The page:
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The Sky This Week, 2011 November 8 - 15

Busy beavers and plenty of planets.


Jupiter, with Io and its shadow, 2011 NOV 6, 01:21 - 01:50 UT 

The Moon brightens the late night and early morning skies this week, starting off in the vicinity of bright Jupiter and ending among the rising winter constellations. Full Moon occurs on the 10th at 3:16 pm Eastern Standard Time. November’s Full Moon is variously known as the Frosty Moon or the Beaver Moon. The latter appellation comes from the enhanced activity these industrious rodents show as they prepare their environs for the long winter to come. Look for Luna near Jupiter on the evenings of the 8th and 9th. On the 12th she rises between the Pleiades star cluster and the bright star Aldebaran in the constellation of Taurus, the Bull. By the week’s end she will be passing through the stars of Gemini as she wanes toward last quarter.

The bright light of this week’s Full Moon will effectively wipe out the fainter stars of the already dim autumn constellations. Fortunately there are plenty of bright targets that the strong Moonlight won’t affect. You can still see the bright stars of the Summer Triangle in the early evening high in the western sky. Vega, Deneb and Altair offer fine starfields for binocular skywatchers, and once the Moon exits the scene by the end of the week you can still catch a glimpse of the summer Milky Way in the triangle’s heart. By the time the Triangle sets the bright stars of the Great Winter Circle ascend in the east. By the midnight hour nine of the 25 brightest stars in the sky will have crested the eastern horizon, forming a large oval around the striking figure of Orion, the Hunter.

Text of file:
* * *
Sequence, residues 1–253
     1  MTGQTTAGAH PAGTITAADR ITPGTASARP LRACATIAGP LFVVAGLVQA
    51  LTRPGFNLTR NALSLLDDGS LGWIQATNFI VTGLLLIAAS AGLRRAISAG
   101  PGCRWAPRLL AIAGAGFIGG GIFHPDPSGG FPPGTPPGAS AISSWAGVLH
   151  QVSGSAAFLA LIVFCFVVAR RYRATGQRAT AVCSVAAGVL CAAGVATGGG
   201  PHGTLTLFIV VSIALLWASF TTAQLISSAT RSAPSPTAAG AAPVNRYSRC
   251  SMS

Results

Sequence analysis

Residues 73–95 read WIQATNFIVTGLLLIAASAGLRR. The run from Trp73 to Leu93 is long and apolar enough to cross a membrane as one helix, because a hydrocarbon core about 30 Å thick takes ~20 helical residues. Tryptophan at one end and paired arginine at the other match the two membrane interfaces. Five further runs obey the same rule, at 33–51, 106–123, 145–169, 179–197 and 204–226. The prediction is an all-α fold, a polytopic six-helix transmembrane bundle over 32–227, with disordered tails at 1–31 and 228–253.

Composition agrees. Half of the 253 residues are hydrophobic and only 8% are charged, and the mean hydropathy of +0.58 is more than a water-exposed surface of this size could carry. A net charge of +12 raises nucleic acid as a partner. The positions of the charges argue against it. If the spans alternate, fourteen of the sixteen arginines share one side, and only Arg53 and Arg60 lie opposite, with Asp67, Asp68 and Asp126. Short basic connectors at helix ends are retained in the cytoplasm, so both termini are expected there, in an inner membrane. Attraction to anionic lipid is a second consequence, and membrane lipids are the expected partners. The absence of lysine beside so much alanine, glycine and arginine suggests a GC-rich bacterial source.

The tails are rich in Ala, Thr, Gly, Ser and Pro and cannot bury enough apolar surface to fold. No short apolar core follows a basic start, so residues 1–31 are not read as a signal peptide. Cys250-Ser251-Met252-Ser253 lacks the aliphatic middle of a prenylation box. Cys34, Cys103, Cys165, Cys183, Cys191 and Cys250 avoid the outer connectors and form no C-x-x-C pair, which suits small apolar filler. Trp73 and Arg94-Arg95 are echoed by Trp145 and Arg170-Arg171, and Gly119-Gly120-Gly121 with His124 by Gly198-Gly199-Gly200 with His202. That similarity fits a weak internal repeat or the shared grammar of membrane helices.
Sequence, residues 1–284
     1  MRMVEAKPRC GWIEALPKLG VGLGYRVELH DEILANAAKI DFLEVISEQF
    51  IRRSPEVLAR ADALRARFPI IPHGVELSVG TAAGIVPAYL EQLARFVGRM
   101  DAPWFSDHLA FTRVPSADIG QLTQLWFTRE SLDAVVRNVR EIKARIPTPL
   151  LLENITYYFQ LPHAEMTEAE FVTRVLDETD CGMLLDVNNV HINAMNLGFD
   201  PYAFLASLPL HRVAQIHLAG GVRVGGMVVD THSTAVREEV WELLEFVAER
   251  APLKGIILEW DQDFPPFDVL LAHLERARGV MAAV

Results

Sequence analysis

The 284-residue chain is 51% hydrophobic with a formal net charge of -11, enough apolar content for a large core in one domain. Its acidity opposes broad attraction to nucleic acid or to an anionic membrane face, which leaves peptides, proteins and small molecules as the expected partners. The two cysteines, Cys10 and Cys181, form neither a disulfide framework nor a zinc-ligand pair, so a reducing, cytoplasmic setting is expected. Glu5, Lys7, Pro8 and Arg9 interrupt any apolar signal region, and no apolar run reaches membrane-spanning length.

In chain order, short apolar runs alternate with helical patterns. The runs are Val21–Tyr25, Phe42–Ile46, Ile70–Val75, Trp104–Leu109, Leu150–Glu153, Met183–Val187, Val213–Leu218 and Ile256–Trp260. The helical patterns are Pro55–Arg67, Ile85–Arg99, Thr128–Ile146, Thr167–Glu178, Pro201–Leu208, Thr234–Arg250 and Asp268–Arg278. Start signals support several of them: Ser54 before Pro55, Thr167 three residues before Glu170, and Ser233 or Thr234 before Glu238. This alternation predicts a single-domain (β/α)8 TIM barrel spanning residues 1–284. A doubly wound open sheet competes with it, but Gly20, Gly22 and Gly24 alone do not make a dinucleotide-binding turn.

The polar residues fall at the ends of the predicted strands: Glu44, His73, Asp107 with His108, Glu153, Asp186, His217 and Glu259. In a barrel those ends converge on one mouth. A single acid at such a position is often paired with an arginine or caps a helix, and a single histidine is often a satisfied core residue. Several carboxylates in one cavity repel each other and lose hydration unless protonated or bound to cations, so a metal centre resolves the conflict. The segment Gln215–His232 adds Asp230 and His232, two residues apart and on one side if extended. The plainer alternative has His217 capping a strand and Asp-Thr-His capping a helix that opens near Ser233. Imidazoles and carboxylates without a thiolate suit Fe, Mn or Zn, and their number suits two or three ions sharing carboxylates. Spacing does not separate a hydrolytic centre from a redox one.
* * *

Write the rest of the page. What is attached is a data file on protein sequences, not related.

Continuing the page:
Twilight is the time to start enjoying the celestial show this week. Shortly after sunset look toward the southwest for the bright glimmer of Venus, whose unblinking stare will separate her from sun glints off of transcontinental jetliners. Traveling nearly step-by-step with the dazzling planet is the more subtle glow of the fleet planet Mercury, which stays within two degrees of the dazzling planet all week long. Look for Mercury with a pair of binoculars just below the brighter light of Venus. This is your last opportunity to see Mercury in the evening sky until the spring of 2012, and he won’t have Venus nearby to help guide you to him then.

Jupiter has been occupying a considerable amount of my evening time of late. The recent spate of good weather has kept me out in the front yard until all hours of the night perusing the giant planet’s clouds and ever-shifting moons. We are in the peak observing window for Old Jove right now, and he is in the sky essentially all night long. Under steady skies my 8-inch telescope is showing a wealth of detail by eye and even more to the CCD camera. The change back to standard time now means that I can observe Jupiter at a higher altitude earlier in the evening, so last week’s early morning bedtimes are now occurring at a more civilized hour. You may not feel the same obsession with observing the giant planet, but on a night of steady skies and clear air take the time to look for the fine details. They are constantly changing, and unlike most objects in the sky Jupiter will never look the same whenever you get him in the eyepiece.

The pre-dawn hour now finds Mars high in the southeastern sky as he continues to move eastward through the stars of Leo. On the mornings of the 9th, 10th, and 11th he passes just over a degree north of the bright star Regulus, offering a very nice color contrast between his ruddy face and the blue tint of the star. If you look toward the eastern horizon an hour before dawn you’ll see the yellow glow of Saturn less than five degrees from blue-hued Spica as the first rays of twilight gather. Both objects are only about 10 degrees up at the time, so you’ll need a good view to the east to catch them.

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